1. The most important thing about buying a new bike is to make sure it fits. The only way you'll know if the bike is right for you is to size up the bike and make sure that the bike's geometry matches your body's geometry. Ask questions and do some research.
mtn. biking 101
2. If possible, try to find a shop that will let you demo the bike on real dirt. Five minutes in a parking lot won't cut it. You wouldn't buy a car without a real world test drive, and a bike should be no different.
3. Don't belive the hype. Just because your favorite rider or best friend rides a certain bike, that doesn't mean that's the best one for you. Have an open mind and be realistic about your needs and ability.
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  1. #1
    mtbr member
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    Headshok (F4) vs. RockShox (Rockhopper)

    Looking for my first real mountain bike. As with others here, am deciding between the F4 and the Rockhopper Comp Disc. Have ridden both; the F4 seemed oh-so-slightly better -- but I think I wanted it to.

    Here's the deal: I think I like the F4 better because of the Headshok -- seems more stable, more reliable and less maintenance than the RockShox. Am I barking up the wrong tree, or is one fork demonstrably better than the other?

  2. #2
    mtbr member
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    The Headshok is one of the lightest 2.85lbs and stiffst forks on the market. Because it uses needle bearings to "roll" up and down through the stroke it is also one of the smoothest forks on the market. The Cannondale frames also ride great!
    www.treefortbikes.com Just lauched V2.0 with free shipping and low prices!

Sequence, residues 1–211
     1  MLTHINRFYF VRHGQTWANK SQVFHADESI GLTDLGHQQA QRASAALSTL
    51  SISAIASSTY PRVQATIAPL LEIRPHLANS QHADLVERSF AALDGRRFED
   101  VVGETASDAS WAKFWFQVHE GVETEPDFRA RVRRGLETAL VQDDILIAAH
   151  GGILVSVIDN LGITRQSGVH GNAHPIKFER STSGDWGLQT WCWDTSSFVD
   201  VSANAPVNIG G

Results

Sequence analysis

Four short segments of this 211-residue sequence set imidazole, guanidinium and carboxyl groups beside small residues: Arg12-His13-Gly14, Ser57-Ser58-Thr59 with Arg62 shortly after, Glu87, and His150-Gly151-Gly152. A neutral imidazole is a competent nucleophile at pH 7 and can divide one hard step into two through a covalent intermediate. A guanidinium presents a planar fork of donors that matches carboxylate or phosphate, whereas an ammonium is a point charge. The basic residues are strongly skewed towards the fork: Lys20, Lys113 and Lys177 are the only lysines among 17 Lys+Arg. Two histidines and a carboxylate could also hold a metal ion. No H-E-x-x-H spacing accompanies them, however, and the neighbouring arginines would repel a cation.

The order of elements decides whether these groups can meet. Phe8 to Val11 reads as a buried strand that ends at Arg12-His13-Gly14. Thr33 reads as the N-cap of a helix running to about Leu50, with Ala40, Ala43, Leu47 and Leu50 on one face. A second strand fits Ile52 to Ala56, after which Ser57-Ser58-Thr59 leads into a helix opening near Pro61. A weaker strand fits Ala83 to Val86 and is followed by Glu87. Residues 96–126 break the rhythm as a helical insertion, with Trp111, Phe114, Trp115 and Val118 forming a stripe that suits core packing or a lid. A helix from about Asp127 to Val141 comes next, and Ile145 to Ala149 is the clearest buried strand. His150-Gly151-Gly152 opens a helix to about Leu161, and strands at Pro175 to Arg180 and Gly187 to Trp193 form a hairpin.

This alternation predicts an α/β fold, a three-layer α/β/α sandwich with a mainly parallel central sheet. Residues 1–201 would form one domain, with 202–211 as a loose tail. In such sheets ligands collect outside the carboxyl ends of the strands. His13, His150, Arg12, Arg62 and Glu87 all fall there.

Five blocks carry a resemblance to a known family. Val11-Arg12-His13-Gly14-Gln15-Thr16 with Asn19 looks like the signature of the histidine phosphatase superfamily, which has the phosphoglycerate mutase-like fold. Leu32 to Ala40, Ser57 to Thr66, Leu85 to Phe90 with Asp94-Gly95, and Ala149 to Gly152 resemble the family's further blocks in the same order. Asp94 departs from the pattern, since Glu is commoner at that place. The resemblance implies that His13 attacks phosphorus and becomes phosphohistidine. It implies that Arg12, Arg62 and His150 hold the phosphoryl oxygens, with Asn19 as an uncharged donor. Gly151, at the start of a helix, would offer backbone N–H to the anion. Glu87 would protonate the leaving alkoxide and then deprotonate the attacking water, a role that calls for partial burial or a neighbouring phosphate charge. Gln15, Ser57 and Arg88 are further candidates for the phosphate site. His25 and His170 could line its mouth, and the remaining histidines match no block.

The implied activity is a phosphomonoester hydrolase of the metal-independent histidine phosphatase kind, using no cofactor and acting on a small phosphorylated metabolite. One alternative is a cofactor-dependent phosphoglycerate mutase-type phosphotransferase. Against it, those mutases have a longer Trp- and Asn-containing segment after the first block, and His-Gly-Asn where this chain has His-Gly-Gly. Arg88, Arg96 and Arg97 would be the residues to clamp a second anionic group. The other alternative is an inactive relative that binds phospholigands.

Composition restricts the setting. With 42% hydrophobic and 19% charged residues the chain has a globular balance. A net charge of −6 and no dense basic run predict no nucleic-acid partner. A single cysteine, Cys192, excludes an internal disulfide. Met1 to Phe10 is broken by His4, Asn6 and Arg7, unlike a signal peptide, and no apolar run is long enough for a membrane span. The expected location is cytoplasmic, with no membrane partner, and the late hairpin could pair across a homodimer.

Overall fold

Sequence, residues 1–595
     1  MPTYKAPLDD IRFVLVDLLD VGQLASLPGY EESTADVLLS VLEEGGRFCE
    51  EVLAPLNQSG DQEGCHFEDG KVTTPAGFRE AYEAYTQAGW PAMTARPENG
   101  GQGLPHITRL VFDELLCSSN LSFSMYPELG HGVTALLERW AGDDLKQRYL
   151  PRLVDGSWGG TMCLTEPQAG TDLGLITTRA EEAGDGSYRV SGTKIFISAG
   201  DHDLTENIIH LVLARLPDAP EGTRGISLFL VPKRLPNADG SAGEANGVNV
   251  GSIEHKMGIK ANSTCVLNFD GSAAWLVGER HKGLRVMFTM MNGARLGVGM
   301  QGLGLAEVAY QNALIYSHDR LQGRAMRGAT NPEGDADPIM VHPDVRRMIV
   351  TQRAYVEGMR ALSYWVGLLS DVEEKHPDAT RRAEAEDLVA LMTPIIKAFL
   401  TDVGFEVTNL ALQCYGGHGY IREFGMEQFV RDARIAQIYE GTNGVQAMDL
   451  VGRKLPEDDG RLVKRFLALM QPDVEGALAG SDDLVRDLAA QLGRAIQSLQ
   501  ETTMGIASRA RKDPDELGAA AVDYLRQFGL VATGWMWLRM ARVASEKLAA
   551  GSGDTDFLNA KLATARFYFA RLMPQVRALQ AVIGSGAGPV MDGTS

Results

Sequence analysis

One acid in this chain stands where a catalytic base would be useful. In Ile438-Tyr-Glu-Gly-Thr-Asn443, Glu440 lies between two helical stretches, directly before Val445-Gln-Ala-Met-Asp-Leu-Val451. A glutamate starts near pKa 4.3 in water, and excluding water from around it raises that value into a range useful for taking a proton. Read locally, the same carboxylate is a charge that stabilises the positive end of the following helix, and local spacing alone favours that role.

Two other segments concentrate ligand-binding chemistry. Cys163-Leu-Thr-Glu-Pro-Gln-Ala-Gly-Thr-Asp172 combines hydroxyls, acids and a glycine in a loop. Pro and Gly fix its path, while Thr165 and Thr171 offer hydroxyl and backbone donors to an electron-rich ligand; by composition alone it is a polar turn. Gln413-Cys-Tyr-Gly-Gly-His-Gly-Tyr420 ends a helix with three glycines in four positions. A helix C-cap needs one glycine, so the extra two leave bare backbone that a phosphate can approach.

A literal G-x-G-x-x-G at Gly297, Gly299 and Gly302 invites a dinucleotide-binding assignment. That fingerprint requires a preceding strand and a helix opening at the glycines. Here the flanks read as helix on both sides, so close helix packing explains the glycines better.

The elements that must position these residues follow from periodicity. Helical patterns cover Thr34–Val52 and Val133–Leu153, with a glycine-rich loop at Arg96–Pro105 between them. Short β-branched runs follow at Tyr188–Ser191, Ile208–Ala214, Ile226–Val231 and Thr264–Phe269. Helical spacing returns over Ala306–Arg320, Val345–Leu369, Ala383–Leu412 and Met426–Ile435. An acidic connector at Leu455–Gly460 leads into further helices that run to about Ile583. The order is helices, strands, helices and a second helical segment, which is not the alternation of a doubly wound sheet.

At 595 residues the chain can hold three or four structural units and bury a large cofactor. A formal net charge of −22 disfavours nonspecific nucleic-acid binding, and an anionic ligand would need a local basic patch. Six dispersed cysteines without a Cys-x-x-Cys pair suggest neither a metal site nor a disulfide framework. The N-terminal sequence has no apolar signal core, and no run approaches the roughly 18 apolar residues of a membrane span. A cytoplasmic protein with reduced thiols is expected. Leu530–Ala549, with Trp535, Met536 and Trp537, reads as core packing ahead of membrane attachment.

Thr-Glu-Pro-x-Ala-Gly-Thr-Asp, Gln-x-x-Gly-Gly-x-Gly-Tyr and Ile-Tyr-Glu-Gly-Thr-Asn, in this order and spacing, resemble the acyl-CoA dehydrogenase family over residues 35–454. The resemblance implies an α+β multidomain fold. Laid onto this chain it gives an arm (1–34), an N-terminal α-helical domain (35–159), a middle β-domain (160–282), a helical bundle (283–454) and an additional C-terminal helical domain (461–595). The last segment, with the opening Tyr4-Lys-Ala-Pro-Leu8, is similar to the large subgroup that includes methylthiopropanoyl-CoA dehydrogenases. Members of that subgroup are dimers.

3. #3
    Former Bike Wrench
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    While I agree that the Headshok is a lighter and stiffer fork, it is far from easy to maintain. Headshok forks for one have no seals...none for the needle bearings. So you need to make sure the rubber boot stays intact. They tear occasionally and then open up the bearings to all the elements. Also, the bearings use races that tend to "creep" over time. You will notice this as you lose travel from your fork. It's not a terrible thing to fix, but annoying. Last, you are pretty much stuck with Cannondale (Coda) stems...so make sure you like the bike position when you leave the LBS.

    I say this as both a former Headshok owner and a former LBS mechanic and warranty manager at a couple Cannondale dealers.

    I personally am a bigger fan of Specialized bikes (they were also the best by far to deal with from a warranty standpoint...though Cannondale wasn't bad). So I would take the Rockhopper in a heartbeat. But if you like the F4 better, your not really hurting yourself either. Get the one you like best!

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